Vol. 8, Issue 4 (2019)
Irrational prescribing of medicine and increasing burden of medical cost on poor household in India: a challenge for public health
Medicine is one of the most important contributors of life expectance. Essential medicine is the foremost cause of death and disability in developing countries can be prevented, cured and improved with cost-effective essential medicine. But besides this thousands of people don’t have access to essential medicine. Majority of the people spent their huge share of income on medicine which traps them into a vicious circle of poverty. The huge prescription of medicine is a main cause of treatment delay. Essential medicines save lives and enhance the health of population but only when they are accessible in an inexpensive, reasonable and affordable cost, and when they are use in an appropriate way. Besides certain police measures and programs a huge chunk of population doesn’t have access to essential medicine and this remain the pivotal public health issue in India. Availability of harmless, effective, affordable and quality medicines for all is one of the most important targets of Sustainable Development Goals. For acquiring universal health coverage access to safe, effective and affordable essential medicine is a paramount aspect. The main aim of this paper is to examine the burden of medicine cost and its socio-economic impact on households. This paper is based on secondary date. It is estimated that by improving access to existing essential medicines and vaccines, about 10 million lives per year could be saved. The studies revealed that as much as 25%–70% of overall health expenditure in developing countries is spent on medicines whereas, around 10% of health expenditure in most high-income countries is consumed by medicines. In India medicine consumed higher share of total health expenditure over 43%. Several studies depict that more than three lakh crore rupees that households spent on health, and about 42% of the total out-of-pocket expenditure (OOP) went in procurement of medicines. Households spent around 28% of the OOP spending in private hospitals and this constitutes 62.6% of the total OOP health spending in India both government and private source.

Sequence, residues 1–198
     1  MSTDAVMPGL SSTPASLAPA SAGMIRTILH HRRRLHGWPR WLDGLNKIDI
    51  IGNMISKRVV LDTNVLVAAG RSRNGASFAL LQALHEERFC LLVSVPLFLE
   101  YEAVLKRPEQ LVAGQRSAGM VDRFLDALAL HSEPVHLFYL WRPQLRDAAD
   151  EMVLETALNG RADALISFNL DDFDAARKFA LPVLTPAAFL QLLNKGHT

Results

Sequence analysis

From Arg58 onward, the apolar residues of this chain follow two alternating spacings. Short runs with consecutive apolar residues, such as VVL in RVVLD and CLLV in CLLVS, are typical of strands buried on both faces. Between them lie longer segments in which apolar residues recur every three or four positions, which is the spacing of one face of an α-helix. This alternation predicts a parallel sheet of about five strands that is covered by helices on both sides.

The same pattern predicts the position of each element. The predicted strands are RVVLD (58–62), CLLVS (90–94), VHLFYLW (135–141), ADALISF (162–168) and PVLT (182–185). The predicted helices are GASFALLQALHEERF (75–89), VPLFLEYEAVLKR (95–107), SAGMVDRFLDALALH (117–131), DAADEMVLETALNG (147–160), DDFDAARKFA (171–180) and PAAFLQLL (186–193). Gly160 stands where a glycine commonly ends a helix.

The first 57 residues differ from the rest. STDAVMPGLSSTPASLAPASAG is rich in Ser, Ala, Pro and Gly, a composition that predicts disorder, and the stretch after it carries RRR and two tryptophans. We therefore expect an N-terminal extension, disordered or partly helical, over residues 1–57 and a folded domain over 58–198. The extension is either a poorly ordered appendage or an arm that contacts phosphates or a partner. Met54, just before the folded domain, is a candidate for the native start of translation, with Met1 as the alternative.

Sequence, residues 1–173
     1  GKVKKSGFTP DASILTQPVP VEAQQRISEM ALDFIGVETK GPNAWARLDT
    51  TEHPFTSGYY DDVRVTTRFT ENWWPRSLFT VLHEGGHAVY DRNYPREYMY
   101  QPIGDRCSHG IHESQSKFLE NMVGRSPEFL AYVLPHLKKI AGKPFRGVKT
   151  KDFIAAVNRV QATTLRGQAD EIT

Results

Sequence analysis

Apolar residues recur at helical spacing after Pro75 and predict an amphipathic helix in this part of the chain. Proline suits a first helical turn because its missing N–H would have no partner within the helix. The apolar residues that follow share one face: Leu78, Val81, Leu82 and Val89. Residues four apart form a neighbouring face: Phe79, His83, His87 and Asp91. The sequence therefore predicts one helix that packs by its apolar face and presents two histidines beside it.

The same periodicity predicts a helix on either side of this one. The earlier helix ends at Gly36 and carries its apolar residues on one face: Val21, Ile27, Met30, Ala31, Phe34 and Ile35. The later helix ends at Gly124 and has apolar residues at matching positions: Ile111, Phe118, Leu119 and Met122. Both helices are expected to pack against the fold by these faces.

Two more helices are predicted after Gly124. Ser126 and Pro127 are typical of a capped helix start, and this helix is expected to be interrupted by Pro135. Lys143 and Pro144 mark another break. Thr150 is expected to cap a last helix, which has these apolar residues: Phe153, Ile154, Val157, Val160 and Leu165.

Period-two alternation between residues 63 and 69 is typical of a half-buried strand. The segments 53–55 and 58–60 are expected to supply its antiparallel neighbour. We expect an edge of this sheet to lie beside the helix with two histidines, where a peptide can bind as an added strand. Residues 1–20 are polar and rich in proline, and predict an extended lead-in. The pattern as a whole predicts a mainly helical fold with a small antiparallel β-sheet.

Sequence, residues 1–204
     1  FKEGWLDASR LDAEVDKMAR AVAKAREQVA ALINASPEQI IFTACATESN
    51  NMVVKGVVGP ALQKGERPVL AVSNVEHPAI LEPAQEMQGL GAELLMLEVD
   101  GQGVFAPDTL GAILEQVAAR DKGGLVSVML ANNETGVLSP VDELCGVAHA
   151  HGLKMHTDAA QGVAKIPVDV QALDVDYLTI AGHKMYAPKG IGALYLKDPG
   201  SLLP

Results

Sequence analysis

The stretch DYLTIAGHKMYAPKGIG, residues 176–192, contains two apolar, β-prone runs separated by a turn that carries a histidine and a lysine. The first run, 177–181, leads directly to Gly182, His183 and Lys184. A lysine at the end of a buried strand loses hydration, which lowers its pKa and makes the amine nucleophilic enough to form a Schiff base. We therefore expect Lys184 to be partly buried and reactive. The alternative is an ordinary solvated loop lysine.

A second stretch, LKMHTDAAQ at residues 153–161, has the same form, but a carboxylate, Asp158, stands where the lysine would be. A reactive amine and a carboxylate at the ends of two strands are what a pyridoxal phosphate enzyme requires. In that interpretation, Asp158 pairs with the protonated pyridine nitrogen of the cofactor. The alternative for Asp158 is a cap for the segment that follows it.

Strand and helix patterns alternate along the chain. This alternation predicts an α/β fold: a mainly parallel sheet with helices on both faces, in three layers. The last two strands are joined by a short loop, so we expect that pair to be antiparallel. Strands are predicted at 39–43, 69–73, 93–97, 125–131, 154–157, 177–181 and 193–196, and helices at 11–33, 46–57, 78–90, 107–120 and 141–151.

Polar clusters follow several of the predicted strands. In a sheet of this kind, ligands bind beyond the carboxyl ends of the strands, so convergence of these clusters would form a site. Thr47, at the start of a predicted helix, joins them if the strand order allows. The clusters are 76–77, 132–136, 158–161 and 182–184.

How to cite this article:
Aijaz Ahmed. Irrational prescribing of medicine and increasing burden of medical cost on poor household in India: a challenge for public health. Pharma Innovation 2019;8(4):615-620.